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Submitted by rmmcdonald on Thu, 10/24/2019 - 12:19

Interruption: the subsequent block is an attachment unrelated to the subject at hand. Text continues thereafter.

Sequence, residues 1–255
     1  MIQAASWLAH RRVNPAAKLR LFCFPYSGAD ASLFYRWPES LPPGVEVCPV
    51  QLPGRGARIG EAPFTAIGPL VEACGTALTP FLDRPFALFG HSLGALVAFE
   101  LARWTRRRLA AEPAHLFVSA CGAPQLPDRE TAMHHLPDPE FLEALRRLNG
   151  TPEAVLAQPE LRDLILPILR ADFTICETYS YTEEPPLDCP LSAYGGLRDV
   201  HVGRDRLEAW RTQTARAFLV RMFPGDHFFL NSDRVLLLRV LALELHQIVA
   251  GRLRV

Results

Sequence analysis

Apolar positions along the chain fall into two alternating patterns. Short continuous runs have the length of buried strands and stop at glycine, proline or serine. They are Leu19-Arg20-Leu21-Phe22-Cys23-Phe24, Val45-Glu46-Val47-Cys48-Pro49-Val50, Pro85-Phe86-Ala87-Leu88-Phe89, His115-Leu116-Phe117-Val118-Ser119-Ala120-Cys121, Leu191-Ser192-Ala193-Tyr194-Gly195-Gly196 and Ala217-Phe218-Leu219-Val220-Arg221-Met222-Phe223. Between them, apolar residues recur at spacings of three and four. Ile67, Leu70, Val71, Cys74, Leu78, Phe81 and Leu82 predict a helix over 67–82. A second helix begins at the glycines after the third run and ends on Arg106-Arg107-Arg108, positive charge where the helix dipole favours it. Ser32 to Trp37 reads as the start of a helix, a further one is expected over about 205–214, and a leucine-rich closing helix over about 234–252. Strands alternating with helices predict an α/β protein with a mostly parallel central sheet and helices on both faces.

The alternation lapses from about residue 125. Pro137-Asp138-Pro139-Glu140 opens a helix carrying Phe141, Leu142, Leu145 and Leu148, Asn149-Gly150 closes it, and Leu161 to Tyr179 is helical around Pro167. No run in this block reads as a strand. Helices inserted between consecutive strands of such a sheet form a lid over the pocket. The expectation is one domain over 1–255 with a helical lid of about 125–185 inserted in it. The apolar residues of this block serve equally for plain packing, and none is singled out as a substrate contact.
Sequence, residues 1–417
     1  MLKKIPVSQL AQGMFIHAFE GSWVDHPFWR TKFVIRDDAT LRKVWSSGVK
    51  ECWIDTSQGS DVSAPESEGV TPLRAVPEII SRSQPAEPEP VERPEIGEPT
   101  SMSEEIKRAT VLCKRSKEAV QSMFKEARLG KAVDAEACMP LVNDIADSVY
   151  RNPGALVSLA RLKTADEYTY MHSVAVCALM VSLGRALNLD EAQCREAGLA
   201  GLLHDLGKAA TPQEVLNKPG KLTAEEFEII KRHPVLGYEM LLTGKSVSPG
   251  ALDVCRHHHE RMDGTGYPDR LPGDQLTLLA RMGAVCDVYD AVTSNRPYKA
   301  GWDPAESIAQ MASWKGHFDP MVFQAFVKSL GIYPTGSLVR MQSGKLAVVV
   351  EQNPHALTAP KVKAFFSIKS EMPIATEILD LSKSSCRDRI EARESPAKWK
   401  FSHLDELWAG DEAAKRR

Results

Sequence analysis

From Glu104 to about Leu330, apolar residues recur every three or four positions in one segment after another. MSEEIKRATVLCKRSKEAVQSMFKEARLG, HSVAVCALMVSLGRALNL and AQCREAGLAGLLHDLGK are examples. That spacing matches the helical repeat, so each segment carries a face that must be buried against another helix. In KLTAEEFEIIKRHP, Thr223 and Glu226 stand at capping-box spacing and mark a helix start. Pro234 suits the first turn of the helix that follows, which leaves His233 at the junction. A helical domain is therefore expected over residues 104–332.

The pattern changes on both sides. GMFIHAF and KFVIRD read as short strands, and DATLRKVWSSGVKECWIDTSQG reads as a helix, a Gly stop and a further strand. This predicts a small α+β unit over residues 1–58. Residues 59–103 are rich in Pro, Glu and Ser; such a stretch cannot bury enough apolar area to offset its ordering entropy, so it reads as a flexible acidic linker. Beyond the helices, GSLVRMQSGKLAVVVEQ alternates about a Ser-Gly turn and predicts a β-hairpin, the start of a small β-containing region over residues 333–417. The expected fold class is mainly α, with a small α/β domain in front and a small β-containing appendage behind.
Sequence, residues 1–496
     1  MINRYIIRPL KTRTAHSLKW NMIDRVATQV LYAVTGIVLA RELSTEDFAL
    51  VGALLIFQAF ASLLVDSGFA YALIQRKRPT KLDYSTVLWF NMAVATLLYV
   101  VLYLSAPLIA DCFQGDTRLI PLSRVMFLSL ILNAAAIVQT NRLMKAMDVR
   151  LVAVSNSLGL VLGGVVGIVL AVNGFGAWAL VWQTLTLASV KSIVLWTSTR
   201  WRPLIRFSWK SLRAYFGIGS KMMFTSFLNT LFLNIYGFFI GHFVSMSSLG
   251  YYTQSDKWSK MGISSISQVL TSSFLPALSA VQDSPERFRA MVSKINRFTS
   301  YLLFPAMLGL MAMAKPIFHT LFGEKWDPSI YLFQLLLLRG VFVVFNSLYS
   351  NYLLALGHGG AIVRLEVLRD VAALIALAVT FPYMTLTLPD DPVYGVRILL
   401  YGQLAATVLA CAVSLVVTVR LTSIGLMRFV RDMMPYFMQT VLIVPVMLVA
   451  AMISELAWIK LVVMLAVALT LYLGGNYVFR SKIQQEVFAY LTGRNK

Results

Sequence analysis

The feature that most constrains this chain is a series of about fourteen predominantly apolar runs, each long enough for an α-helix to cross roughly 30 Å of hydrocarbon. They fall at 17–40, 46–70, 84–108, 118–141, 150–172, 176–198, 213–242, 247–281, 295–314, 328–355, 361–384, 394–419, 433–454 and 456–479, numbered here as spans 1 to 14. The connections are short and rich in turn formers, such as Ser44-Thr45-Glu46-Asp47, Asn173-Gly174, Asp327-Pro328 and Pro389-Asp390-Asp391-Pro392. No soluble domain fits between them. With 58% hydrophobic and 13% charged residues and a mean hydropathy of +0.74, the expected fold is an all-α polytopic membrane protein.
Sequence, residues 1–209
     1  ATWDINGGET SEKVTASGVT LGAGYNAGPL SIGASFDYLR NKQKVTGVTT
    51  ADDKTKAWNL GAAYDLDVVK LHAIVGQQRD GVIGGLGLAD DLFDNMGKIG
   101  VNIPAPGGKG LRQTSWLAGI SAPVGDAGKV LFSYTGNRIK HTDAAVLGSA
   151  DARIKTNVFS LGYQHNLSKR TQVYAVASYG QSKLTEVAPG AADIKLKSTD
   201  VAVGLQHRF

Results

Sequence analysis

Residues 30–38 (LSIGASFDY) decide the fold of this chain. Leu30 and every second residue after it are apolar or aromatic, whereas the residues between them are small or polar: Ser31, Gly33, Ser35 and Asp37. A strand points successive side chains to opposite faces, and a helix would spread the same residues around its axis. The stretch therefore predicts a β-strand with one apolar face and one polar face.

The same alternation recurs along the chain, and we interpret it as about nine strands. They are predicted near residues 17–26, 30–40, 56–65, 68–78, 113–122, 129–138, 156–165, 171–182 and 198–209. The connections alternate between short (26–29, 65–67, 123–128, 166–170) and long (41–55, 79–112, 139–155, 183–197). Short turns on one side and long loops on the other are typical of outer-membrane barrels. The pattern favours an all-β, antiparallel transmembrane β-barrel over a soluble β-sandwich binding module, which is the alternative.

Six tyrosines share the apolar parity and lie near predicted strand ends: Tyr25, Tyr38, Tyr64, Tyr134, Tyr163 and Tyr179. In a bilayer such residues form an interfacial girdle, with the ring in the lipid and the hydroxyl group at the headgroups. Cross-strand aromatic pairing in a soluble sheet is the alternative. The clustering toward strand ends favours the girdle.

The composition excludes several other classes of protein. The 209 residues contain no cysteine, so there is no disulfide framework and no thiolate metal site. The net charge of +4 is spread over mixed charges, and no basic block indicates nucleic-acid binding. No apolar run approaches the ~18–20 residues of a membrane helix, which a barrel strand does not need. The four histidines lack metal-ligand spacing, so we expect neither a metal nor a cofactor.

Photobleaching is an unavoidable phenomenon in fluorescent microscopy that occurs when a fluorophore in a fluorescently labeled specimen forms a covalent bond with another molecule. As a result the fluorophore can no longer decay to its original state and emit a photon. In this lab we tested for the rate of photobleaching under various conditions and with three types of fluorescent stains: DAPI, fluorescein, and rhodamine. The intensity of nuclei were calculated over varying exposure times and were analyzed. We concluded that the use of an automatic shutter and excitation filters greatly reduced the rate of photobleaching for all fluorescent stains. Our data also suggested that DAPI photobleached at the lowest rate compared to the other fluorophores. Overall, fluorescent microscopy is an efficient way to visualize specific targets given that proper precautions are taken to prevent photobleaching.